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July 16, 2022

Feds seeking (above-guideline) sentence of 15 years for first Jan 6 defendant to be sentenced after trial convictions

Based on a recent AP accounting of the January 6 riot cases, I believe there have already been around 200 defendants sentenced for their activities related to the Capitol riot, but all of those sentences have been handed down after guilty pleas.  As detailed in this Insider article, federal prosecutors are seeking a particularly severe sentence for the first rioter due to be sentenced following a conviction at trial.  Here are the basics:

Guy Reffitt, the first Capitol rioter convicted at trial on charges stemming from the January 6, 2021 insurrection, should receive a 15-year prison sentence for his "central role" in leading a pro-Trump mob that clashed with police protecting Congress, federal prosecutors said in a court filing Friday.

A jury in Washington, DC, needed just hours in early March to find Reffitt guilty on all five charges he faced in connection with the Capitol attack, including obstruction of an official proceeding. Reffitt, of Texas, was also found guilty of entering restricted Capitol grounds with a handgun and with later threatening his children to keep them from reporting him to law enforcement.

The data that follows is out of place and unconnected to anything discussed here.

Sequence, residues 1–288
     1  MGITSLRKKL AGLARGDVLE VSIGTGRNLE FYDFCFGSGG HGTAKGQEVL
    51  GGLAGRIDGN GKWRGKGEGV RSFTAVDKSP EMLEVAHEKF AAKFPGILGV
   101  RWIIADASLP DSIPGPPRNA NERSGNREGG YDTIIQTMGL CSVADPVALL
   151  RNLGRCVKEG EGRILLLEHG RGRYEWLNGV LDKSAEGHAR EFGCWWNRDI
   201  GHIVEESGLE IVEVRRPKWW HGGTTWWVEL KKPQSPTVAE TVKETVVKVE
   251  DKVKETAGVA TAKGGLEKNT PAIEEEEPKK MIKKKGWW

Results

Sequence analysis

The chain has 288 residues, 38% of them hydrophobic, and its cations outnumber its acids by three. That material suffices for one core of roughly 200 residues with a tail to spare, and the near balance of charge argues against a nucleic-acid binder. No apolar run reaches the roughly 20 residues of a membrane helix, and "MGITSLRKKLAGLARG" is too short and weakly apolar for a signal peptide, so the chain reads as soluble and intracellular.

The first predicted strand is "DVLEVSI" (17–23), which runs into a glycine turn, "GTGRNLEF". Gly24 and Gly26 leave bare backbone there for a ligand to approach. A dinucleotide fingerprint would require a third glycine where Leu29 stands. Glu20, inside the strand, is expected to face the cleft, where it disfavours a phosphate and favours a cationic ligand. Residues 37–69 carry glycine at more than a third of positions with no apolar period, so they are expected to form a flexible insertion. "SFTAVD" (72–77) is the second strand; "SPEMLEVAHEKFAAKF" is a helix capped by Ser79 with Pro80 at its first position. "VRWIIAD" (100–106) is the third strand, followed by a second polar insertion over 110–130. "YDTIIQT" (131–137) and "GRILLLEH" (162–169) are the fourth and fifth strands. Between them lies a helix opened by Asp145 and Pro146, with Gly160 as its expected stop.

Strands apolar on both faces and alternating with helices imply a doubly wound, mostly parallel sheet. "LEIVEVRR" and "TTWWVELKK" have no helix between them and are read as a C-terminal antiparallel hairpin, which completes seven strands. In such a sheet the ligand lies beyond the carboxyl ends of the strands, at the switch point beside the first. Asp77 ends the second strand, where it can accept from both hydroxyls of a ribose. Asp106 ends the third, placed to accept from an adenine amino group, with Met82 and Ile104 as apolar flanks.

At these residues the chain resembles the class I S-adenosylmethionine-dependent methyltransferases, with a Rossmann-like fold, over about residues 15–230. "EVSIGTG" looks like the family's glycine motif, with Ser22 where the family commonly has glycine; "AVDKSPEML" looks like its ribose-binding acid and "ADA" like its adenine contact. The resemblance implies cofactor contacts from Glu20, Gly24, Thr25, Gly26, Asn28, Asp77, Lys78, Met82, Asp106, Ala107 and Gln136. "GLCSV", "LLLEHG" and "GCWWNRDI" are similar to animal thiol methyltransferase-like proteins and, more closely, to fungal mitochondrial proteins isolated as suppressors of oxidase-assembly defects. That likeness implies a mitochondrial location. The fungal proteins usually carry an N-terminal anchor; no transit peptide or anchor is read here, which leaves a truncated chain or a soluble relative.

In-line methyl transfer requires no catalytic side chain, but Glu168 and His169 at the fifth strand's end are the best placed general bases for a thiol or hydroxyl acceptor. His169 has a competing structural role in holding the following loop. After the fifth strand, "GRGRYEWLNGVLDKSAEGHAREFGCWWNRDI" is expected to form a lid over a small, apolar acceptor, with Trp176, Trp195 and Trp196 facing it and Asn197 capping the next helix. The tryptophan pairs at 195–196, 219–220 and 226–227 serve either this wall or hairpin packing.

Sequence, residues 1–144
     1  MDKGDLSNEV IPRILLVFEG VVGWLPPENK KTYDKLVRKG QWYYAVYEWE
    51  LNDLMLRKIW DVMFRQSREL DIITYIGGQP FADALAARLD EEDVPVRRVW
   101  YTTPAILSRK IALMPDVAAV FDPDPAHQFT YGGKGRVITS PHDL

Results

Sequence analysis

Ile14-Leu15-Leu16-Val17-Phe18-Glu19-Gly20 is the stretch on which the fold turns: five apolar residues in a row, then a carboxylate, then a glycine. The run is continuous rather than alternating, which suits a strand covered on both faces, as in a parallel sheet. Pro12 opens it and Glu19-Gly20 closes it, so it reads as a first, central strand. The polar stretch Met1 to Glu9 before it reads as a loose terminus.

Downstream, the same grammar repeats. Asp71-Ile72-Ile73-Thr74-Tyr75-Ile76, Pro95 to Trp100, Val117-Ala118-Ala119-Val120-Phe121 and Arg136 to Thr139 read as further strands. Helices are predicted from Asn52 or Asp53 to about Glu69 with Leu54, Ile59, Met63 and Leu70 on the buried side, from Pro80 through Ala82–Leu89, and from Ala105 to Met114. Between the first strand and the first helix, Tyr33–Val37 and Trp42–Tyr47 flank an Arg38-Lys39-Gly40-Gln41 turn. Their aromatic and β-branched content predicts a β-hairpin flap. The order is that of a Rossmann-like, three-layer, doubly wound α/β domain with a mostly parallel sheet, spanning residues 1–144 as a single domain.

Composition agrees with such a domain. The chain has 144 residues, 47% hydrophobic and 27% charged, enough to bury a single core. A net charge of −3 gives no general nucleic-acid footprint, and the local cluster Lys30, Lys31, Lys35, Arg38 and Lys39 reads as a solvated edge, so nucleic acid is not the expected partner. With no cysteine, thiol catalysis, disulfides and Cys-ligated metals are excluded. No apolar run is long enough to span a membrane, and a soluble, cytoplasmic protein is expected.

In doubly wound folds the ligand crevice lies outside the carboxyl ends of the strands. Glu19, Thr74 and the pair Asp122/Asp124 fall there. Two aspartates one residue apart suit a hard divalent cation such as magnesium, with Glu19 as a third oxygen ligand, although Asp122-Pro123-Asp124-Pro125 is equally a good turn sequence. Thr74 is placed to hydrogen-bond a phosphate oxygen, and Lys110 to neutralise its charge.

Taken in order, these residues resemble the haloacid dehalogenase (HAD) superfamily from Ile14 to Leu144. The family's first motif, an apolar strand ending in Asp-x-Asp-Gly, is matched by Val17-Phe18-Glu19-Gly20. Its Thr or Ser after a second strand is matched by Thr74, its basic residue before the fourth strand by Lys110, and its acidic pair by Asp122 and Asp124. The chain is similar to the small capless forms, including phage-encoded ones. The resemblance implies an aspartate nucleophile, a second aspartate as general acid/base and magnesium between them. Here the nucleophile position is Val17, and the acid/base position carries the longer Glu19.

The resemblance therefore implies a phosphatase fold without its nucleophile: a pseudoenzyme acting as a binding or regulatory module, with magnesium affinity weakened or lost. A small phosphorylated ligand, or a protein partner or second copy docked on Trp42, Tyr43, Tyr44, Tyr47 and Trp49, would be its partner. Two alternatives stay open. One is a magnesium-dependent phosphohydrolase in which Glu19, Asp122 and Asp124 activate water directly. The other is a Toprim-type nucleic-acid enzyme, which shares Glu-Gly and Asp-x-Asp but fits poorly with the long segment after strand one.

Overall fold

In a 58-page court filing, federal prosecutors argued that Reffitt played a pivotal role in "overwhelming officers and showing the mob the way forward at the outset of the riot." The language echoed their description of Reffitt at his weeklong trial, where prosecutors called Reffitt the "tip of this mob's spear" and played video footage of him ascending stairs up to the Capitol in tactical gear, with fellow members of the pro-Trump mob following him.

If ordered, the 15-year sentence would go down as the longest prison term given to a Capitol rioter to date, nearly tripling the more than 5-year sentence Robert Scott Palmer received after throwing a fire extinguisher at police during the January 6 attack. Judge Dabney Friedrich, a Trump appointee confirmed in 2017, is set to sentence Reffitt on August 1....

In a separate court filing Friday, Reffitt's defense lawyer argued that he should receive a sentence of no longer than 2 years in prison. His lawyer, F. Clinton Broden, noted that Reffitt never entered the Capitol.

The Government's lengthy sentencing memorandum is available at this link, and it begins this way: